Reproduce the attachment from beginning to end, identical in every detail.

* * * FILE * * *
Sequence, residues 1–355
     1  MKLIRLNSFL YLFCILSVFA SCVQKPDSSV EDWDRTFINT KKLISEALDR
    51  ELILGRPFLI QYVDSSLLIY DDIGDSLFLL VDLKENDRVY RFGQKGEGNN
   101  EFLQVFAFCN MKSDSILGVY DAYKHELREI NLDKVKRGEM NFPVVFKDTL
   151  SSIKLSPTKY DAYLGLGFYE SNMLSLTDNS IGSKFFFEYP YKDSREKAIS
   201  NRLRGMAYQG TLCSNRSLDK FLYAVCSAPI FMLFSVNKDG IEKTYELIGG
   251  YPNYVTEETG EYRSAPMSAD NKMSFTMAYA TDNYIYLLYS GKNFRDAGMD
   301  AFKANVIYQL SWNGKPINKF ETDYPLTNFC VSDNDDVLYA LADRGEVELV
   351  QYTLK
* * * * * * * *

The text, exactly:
Sequence, residues 1–355
     1  MKLIRLNSFL YLFCILSVFA SCVQKPDSSV EDWDRTFINT KKLISEALDR
    51  ELILGRPFLI QYVDSSLLIY DDIGDSLFLL VDLKENDRVY RFGQKGEGNN
   101  EFLQVFAFCN MKSDSILGVY DAYKHELREI NLDKVKRGEM NFPVVFKDTL
   151  SSIKLSPTKY DAYLGLGFYE SNMLSLTDNS IGSKFFFEYP YKDSREKAIS
   201  NRLRGMAYQG TLCSNRSLDK FLYAVCSAPI FMLFSVNKDG IEKTYELIGG
   251  YPNYVTEETG EYRSAPMSAD NKMSFTMAYA TDNYIYLLYS GKNFRDAGMD
   301  AFKANVIYQL SWNGKPINKF ETDYPLTNFC VSDNDDVLYA LADRGEVELV
   351  QYTLK